In early 2014, I was offered what I will, for the rest of my life, consider an amazing opportunity: the chance to edit National Journal magazine. The job was perfect and daunting all at once. NJ had legendary stature but also faced a massive challenge: Like all print publications, it needed to figure out how to justify its existence in the Internet age.
The past two years have been fun and rewarding not in spite of this challenge, but because of it. While the magazine is ending with this issue, the process of trying to reshape the publication—by putting a new twist on its traditions and emphasizing long-form storytelling and elegant design—yielded many individual pieces and overall issues that my colleagues and I are extremely proud of.
We were quite lucky in at least one sense: As should be clear from reading the recollections of the NJ stalwarts who wrote for this issue, the journalistic tradition that NJ had built up over time—the one that we inherited—was extraordinary. It was a tradition that had, for decades, insisted that the details of policy and politics mattered enormously. That the decision-makers behind the scenes could not be ignored. That there was no shortage of investigative digging to be done in Washington. That reporting and argument could strengthen each other. That a magazine could earn the respect of both conservatives and liberals.
There is one other theme that is abundantly clear from these recollections—and it too is part of the tradition of this place: National Journal has always been a magazine with a streak of idealism. Putting out a weekly is inevitably grueling. If you don’t believe in what you’re doing, the stress and long hours will never seem worth it. Read the remembrances in this issue, and you will have no doubt that generation after generation of NJ writers, editors, and staffers were passionate about their work.
My colleagues and I are no exceptions. We continued to strive, right up until our very last issue, to publish as strong a magazine as possible. I want to thank everyone who was on the magazine’s small team over the past two years; but in particular, I want to acknowledge and thank Andie Coller, the magazine’s brilliant deputy editor, who twice served as acting editor.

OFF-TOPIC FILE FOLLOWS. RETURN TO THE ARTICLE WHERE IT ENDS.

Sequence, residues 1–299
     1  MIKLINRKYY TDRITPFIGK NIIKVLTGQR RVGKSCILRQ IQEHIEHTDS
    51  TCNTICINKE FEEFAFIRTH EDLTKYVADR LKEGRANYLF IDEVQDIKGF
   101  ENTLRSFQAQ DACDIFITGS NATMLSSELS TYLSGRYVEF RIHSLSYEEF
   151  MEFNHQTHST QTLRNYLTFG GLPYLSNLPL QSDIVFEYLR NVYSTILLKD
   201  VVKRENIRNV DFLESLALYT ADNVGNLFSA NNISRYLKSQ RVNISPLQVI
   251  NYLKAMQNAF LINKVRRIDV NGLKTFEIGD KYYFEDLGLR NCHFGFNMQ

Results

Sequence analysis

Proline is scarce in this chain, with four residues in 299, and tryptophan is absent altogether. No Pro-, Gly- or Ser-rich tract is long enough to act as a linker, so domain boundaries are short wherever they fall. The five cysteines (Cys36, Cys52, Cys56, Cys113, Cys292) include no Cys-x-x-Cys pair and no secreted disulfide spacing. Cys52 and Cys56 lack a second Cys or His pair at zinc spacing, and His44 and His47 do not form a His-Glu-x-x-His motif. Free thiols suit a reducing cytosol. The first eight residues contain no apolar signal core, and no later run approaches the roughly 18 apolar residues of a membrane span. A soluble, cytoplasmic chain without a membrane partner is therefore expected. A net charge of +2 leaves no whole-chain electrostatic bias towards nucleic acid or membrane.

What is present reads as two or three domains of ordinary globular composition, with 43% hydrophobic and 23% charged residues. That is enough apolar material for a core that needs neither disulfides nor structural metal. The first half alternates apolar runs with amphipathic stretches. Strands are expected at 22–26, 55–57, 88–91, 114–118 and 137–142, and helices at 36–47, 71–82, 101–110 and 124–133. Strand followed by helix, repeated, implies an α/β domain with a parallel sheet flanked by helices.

All of us are immensely proud to have been part of the National Journal tradition. And we know that the 46-year run of this magazine will be remembered and celebrated for a long time to come.
Editor, National Journal magazine
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The House Intelligence Committee voted to release the November 14 testimony of Glenn Simpson, the man at Fusion GPS who oversaw the creation of the now infamous Trump-Russia dossier. Simpson's testimony includes a number of startling claims, including that Russia infiltrated conservative political groups prior to the election, and that Trump had "long time associations" with the Italian Mafia," and that he "gradually during the nineties became associated with Russian mafia figures." Simpson also testified that Trump called off a post-election meeting with Alexander Torshin, the deputy governor of Russia’s central bank and a longtime member of the NRA, currently under investigation by the FBI for money laundering. Simpson said that the discoveries were so alarming that he felt compelled to go to the authorities. The full text of the transcript can be read here.
House Speaker Paul Ryan says he has the votes to pass a short-term spending bill tonight, but "Senate Democrats said they're confident they have the votes to block the stop-gap spending bill that the House is taking up, according to two Democratic senators and a senior party aide. And top Senate Republicans are openly worried about the situation as they struggle to keep their own members in the fold."
"The FBI is investigating whether a top Russian banker with ties to the Kremlin illegally funneled money to the National Rifle Association to help Donald Trump win the presidency." Investigators have focused on Alexander Torshin, the deputy governor of Russia’s central bank "who is known for his close relationships with both Russian President Vladimir Putin and the NRA." The solicitation or use of foreign funds is illegal in U.S. elections under the Federal Election Campaign Act (FECA) by either lobbying groups or political campaigns. The NRA reported spending a record $55 million on the 2016 elections.
"Hundreds of new and supplemental FARA filings by U.S. lobbyists and public relations firms" have been submitted "since Special Counsel Mueller charged two Trump aides with failing to disclose their lobbying work on behalf of foreign countries. The number of first-time filings ... rose 50 percent to 102 between 2016 and 2017, an NBC News analysis found. The number of supplemental filings, which include details about campaign donations, meetings and phone calls more than doubled from 618 to 1,244 last year as lobbyists scrambled to avoid the same fate as some of Trump's associates and their business partners."